OG: 1.084, much lower than 1.107 goal.  Likely ran off too much since 2 gallons were left in kettle after filling fermenter.  This combined with the likely fill of the fermenter beyond 5 gallons means I left a significant amount of sugar behind.  I.e., 2 gallons left behind + >5 gallons in the fermenter results in >7 gallons brewed when 6.25 gallons were planned.

Using Beersmith’s ‘Dilution Tool’ indicates having too much volume would account for only ~11 points (diluting 6.25 gallons of 1.107 wort with 3 quarts of water yields 7 gallons (what I ended up with) at 1.096) => ~12 points unaccounted for.  Generously adding a quart for fermenter overfill (leading to 7.25 gallons brewed) accounts for an additional 4 points leaving 8 points.

Other than poor sparge, what would account for this?  Maybe it’s small enough to be in the error (i.e., homebrewing isn’t an exact science).  It makes me wonder though if high gravity sparging/mashing is more lossy?


Began in Rubbermaid in garage with garden hose water @ ~68F.  Overnight, rose to 72F despite ice packs with slow blowoff tube bubbling.  By lunch, temperature had increased to 74F and bubbling had likewise increased to good rate.  Decided to move to smaller Rubbermaid in the garage fridge with aquarium heater.  After about 3 hours, temp had dropped to 69F, bubble rate was not noticeably affected and krausen had worked its way up to the neck (and had started getting through blowoff tube to jar of sanitizer).

Hopefully initial high temperatures don’t negatively affect the beer.  Will try to slowly ramp temp up as fermentation abates.

Sample after 11 days:  1.030.  Pretty sweet, but pretty darn good.  Hopefully it continues to attenuate and dries out, but it might not be horrible if it didn’t drop too much.  Not sure how much “to-style” it would be, but it could still be pretty good, maybe a bit like a barleywine.  I had feared/expected a high finish to this, but hopefully it can get a little lower.

Belgian Dubbel


Recipe / Brewsheet

Dough in: 11:50 @ 149°F
Lauter End:  1:15
Pre-boil:  12.25 Brix
Boil Start:  1:33
Gravity after 30 minutes:  13.25 Brix
Hops:  38g Tettnang @4.8%
Gravity after 60 minutes:   13.50 Brix
Flameout:  3:06
<140:  3:15
<100:  6:26
<80:  10:07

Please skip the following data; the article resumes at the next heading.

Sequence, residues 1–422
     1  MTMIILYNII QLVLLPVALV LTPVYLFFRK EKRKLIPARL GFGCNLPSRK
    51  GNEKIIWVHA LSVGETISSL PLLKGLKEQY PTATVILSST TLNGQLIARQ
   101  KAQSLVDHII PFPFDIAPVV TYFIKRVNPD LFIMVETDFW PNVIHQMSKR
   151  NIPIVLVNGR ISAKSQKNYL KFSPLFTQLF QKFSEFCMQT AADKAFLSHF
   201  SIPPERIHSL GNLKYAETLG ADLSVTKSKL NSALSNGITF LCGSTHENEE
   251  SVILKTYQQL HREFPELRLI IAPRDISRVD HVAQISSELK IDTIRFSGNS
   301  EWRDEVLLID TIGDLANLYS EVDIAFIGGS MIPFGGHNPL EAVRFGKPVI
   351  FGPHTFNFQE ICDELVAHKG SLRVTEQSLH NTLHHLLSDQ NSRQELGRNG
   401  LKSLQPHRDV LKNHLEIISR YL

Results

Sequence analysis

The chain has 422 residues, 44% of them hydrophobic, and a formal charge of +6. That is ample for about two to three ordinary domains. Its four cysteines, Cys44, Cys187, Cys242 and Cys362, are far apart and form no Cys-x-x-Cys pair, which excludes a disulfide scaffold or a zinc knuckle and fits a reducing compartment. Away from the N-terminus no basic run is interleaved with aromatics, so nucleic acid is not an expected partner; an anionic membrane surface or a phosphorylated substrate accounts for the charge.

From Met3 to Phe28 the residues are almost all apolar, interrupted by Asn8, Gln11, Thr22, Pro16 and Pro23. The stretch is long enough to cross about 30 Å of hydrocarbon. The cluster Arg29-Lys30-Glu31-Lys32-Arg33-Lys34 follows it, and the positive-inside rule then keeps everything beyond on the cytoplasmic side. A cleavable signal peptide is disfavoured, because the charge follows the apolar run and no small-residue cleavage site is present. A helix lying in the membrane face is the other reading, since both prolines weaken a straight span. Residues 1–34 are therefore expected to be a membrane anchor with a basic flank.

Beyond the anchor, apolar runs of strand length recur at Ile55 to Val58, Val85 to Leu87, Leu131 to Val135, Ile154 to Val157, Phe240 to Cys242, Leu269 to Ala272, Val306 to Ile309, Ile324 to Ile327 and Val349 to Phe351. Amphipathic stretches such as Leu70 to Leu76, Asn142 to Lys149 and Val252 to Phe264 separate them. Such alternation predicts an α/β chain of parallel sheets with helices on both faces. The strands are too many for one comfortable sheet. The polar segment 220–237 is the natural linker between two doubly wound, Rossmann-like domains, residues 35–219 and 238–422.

<70:  14:31
Stop @67 :  17:33
OG: 16.25 Brix (1.067)
FG: 1.011
ABV: 7.35%
Apparent Attenuation: 83%


Trouble keeping Rubbermaid cool in garage with ice packs, so moved to keezer after a day. Was ~66° in the Rubbermaid, dropped to 64°in keezer. Started ramping up temperature after 3 or 4 days and airlock activity slowed down. Ramped up to 70°over ~4 days. Put back in Rubbermaid in garage after ~8 days, maintaining 72°.

Sample after ~10 days: 1.017. Boozy aroma, but not in flavor. Sweet.

Sample after 14 days: 1.015. Still pretty boozy, but drier, not sweet and noticed the alcohol in the flavor.

Sample after 18 days:  1.011.  Pretty surprised it dropped so much, the airlock didn’t seem to be doing anything anymore for at least a couple of days.  Flavor and aroma not so much different from before.  Booze might be a little more subdued.

Crashed after 3 weeks, 2 days prior to leaving town.

Kegged after 4 weeks.


Initial (Flat in keg @ 32°):  dry, rummy flavor.  No strong alcohol as I noticed in warm samples.  Time will tell if it induces headaches at volume, but drinking ~4 oz. or so has not.  Same umami undertone as my other beers.  While visiting West Sixth Brewing in Lexington, KY I noticed the same.  They claim it’s intentional in their Brown due to some nut addition (hazelnut?) but I also noticed it in their schwartzbier.

Carbonated (~1.5 weeks from kegging):  Loving this beer.  A little hazy.  A little more alcohol, not quite as drinkable when warm (though not “harsh”).  Want to keg a 12-pack for long-term storage and a 6-pack for competition.  I’d really like to see how others perceive it.